2.2.2. Mitigation Strategies

When HEC incidents occur, various mitigation strategies can be used to reduce the impacts. Compensation is one such strategy to support the people who have suffered damage caused by elephants [2,33]. The type of compensation can involve providing direct relief (i.e., providing financial support to reimburse costs incurred from HWC) or using indirect methods (i.e., those involving alternative crops or sources of livelihood) [52]. According to Bandara and Tisdell (2002), compensation programs serve as an economic rationale by which to enhance farmers’ tolerance towards elephants. Appropriate compensation programs can be seen as potentially more effective for conserving elephants than laws prohibiting the killing of elephants. With appropriate compensation schemes in place, farmers may allow elephants access to their crops for their sustenance and therefore reduce the possibility of elephants being killed [35]. However, farmers often consider compensation programs for the damage caused by elephants to be inadequate. Specifically, farmers have complained that the payments are insufficient, unfairly distributed, and long-delayed, and also that related procedures are complicated and lengthy [35]. In contrast to the aforementioned compensation schemes, insurance is a mechanism where “a premium is paid by an individual, a household, and /or a community in exchange for reparation” for damages [2]. Establishing insurance schemes can contribute to conserving elephants while also mitigating HEC, as such schemes tend to be supported by most farmers [35]. So-called community-based insurance schemes (CBICs) can also provide compensation for HWC losses out of the premiums paid by farmers themselves, which can be especially helpful for lower income households [36].

2.2.3. Managing Land Use

Improper land use and the loss, fragmentation, and degradation of elephant habitat are the main factors causing HEC. Therefore, managing land use plays an important role in preventing and mitigating HEC. Land use management can be subdivided into upgrading or restoring elephant habitat (or elephant food sources) and engaging in appropriate land use planning. Restoring elephant habitat can be accomplished by planting and rehabilitating forests or building buffer areas for elephants’ migration [24,25]. Other methods, such as providing salt licks and water ponds, or mixing minerals and rock salt and spreading the mixture over areas that are kept watered, can reduce the frequency of crop raids by elephants seeking minerals to supplement their diet in the wild, thereby reducing property damage from HEC [26,64]. Appropriate land use planning involves carefully considering and striving to balance humans’ housing needs and agricultural activities with the elephants’ natural habitat [20,32,58]. Development projects that convert natural forest land into commercial plantations and/or farmland, as well as other infrastructure projects, especially ones involving construction, restrict elephants’ access to habitat and often reduce that habitat’s scope [20,24].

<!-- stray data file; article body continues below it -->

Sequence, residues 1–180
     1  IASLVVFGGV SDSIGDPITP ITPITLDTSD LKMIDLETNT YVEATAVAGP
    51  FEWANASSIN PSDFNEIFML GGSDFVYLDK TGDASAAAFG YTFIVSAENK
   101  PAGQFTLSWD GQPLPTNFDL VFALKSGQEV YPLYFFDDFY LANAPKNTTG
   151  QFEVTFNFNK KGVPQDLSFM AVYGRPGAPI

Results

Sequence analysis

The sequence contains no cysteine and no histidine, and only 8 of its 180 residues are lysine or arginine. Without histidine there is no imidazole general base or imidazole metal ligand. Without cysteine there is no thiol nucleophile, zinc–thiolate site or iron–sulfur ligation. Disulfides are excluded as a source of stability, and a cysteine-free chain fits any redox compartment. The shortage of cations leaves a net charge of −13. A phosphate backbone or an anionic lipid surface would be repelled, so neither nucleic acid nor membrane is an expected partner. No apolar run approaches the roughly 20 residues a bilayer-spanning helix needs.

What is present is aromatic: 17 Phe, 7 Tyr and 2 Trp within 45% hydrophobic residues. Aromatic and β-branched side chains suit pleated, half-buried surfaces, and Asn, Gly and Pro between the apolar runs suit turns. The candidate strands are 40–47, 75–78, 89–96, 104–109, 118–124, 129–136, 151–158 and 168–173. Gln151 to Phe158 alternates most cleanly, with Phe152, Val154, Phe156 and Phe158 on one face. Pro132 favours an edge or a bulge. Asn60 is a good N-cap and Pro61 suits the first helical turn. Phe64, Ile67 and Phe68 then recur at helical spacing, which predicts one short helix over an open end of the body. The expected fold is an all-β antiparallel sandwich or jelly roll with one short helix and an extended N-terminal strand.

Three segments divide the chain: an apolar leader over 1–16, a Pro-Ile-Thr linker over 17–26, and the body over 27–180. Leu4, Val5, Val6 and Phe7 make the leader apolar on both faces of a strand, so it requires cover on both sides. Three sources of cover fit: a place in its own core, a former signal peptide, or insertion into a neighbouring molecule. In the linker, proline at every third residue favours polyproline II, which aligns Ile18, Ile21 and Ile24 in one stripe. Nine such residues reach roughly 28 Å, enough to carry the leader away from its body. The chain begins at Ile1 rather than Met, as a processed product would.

2.2.4. Improving HEC Management

Human factors are main reasons for the failure of the above-described HEC approaches. Locals typically lack sufficient understanding of elephant behavior and HEC strategies, or the strategies that they adopt for mitigation are poorly applied [2]. The negative attitude about elephants held by local area inhabitants is an unfavorable omen for the survival of those elephants in future, which is especially worrying in light of the drastic decrease in elephant populations seen in recent years [35]. Local people encroaching into forests for purposes such as collecting non-timber forest products (i.e., fuel wood, bamboo, medicinal plants, etc.), hunting, expanding agricultural land, or settling in the forest not only causes significant disturbances to elephants, but can also make elephants behave more aggressively toward people [20]. Moreover, if inappropriate measures are used to try to chase elephants away, this can also fuel the hostility of elephants toward people [20]. Therefore, improving locals’ awareness plays an important role in effective HEC management strategies [13,23]. CBNRM programs have been established to assure that rural residents can reap the benefits that accrue from conservation programs [38]. It has been proved that the multiple scales from the benefits of wildlife conservation under the cost of HWC had a better distribution [38], and the design of CBNRM programs that combine the locals’ economic development with elephant conservation can help mitigate HEC [38]. In CBNRM programs, the benefits that locals receive can increase their tolerance of conflict with elephants [21]. Therefore, improving the locals’ awareness and designing CBNRM programs both play important roles in creating a harmonious and balanced coexistence between humans and elephants [7,24].